When a mark is more of a blemish

9th May 2003 at 01:00
I marked some history exercise books the other day. What a shambles. The work was OK but my marking was mystifying, even to me. Why was I giving a mark when experts tell us it only distracts pupils from reading the more useful comment? And why was I writing a comment when previous comments had been ignored and the faults repeated? And did "AA" mean work learned or work recorded? What was I doing?

I never have these problems marking GCSE work. External exams have standard marking conventions which common sense accepts, if not agrees with.

Tinkering with GCSE marking schemes just spreads confusion among candidates, which does nothing for their final grades.

So why is it different at key stage 3? Don't we have a marking policy? Of course we do. My problem is convincing myself that it is appropriate to what I would like pupils to achieve. I'm not alone. This is why we have had many policies over several years, all produced by staff committees.

Marking policies are something that heads can safely leave to staff. They know that teachers given responsibility for any aspect of school planning will be so honoured to have a say that they will impose on themselves regulations and conditions that few heads would dare propose.

Our last school marking policy collapsed within a few months. What seemed to be a good idea to a committee of young and enthusiastic teacherplanners proved burdensome in the real classroom world. New marking policies tend to reduce to the minimum that which will both satisfy inspectors' demands for consistency, and calm inquisitive parents. Anything more leads to so many difficulties that it is effectively disregarded. But these policies still show prominently in the school's policy handbook and follow a style that is increasingly inappropriate for today's world.

Rows of marks in a mark book are no longer appropriate to judge the range of activities that students regularly experience in normal teaching, especially at key stage 3 (paradoxically, the older the student in school the more external exams compress the range of activities available). How can a marking policy take account of such diverse tasks as a three-week project on slavery, a PowerPoint presentation, a piece of extended writing, and a wall display, without being either so vague as to be useless or so encompassing as to be incomprehensible? And that in just one subject.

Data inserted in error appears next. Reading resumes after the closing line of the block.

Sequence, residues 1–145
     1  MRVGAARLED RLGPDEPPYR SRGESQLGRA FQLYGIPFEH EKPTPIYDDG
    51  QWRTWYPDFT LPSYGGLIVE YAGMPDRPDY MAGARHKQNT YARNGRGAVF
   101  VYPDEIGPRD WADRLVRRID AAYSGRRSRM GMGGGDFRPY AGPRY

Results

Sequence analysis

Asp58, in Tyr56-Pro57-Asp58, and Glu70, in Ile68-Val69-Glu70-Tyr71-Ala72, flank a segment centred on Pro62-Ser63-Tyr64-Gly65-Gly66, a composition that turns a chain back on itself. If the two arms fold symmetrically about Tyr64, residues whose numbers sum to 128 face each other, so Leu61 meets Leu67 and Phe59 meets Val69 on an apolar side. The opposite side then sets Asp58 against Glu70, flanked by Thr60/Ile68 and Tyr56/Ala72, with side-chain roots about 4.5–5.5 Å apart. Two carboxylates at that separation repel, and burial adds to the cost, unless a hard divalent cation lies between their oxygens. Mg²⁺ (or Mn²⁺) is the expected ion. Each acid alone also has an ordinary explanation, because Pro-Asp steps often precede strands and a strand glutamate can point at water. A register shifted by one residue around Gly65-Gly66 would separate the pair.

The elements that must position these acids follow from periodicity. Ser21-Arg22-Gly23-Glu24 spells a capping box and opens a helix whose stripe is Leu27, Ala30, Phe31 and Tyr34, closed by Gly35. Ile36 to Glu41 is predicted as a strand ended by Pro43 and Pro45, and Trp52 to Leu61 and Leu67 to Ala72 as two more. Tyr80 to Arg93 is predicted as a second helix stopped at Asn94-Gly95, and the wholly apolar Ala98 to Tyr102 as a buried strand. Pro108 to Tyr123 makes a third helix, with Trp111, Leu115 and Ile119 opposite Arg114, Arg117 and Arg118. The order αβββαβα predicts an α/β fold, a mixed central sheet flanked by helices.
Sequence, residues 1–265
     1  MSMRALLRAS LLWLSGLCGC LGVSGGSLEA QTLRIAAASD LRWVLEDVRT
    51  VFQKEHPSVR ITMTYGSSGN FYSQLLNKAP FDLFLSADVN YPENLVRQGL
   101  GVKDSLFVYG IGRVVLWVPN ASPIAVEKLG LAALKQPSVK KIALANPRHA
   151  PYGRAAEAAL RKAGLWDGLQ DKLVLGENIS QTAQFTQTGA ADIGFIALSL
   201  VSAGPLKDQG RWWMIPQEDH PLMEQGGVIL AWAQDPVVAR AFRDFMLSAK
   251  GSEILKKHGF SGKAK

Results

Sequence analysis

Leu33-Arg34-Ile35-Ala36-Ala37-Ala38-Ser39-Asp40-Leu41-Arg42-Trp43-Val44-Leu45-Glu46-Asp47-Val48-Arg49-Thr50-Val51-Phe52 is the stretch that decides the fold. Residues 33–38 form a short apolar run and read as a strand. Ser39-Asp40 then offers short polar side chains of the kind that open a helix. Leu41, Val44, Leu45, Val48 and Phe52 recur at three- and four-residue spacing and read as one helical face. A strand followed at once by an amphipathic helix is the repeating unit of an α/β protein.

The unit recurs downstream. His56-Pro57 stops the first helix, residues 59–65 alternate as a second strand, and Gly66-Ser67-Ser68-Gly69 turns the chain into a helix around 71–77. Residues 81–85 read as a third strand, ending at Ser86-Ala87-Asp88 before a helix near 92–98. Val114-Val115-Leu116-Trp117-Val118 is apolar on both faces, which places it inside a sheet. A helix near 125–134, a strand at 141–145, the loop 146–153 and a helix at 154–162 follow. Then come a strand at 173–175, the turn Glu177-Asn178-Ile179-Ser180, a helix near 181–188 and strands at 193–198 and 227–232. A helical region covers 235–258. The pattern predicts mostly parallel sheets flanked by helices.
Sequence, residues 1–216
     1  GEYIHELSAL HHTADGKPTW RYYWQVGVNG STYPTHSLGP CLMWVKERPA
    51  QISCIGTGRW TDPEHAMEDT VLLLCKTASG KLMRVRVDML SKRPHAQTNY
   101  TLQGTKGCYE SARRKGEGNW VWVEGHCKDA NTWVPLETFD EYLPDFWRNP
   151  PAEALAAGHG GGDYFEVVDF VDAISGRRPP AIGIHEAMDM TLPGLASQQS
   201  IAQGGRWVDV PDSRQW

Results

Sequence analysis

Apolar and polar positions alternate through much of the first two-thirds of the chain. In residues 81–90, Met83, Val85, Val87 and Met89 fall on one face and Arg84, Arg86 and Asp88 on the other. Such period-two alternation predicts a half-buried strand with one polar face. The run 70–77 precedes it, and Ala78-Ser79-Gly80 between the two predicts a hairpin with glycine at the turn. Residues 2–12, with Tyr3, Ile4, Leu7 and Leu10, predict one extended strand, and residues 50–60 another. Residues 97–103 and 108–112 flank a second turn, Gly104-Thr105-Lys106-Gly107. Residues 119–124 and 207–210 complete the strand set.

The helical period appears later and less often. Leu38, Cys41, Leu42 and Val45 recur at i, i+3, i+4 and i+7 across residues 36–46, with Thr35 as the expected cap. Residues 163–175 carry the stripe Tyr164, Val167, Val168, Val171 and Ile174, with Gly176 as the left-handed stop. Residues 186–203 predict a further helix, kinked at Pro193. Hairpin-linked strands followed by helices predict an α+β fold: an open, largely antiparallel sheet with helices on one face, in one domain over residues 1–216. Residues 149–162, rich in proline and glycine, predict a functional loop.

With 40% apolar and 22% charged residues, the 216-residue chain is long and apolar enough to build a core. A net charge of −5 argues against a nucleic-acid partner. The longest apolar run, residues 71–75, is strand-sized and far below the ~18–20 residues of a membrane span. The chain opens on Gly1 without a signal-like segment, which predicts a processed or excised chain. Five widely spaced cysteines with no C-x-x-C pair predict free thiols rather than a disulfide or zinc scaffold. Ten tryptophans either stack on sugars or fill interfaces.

Marking policies in most schools have to change for another reason. The fashionable (and justified) move towards frank and full revelation of a child's IQ through cognitive ability tests blows the myth that the only barrier between the work of an average child and that of a genius is effort.

Children don't take notice of marking because most comments are repetitive and address those aspects of their work that they are least able to correct. Those parts they can improve need detailed explanation so cannot be described as part of a conventional marking exercise. From week to week, most children don't improve that much, so why mark that much?

A newcomer to my school surprised our committee by repeating what her college lecturer used to say: "Teachers spend 98 per cent of their non-contact time marking to achieve 2 per cent improvement in learning."

That's not cost-efficient. It's got to change, even if one of the first casualties is the school's marking policy.

Peter Cotterill teaches in a south Yorkshire comprehensive

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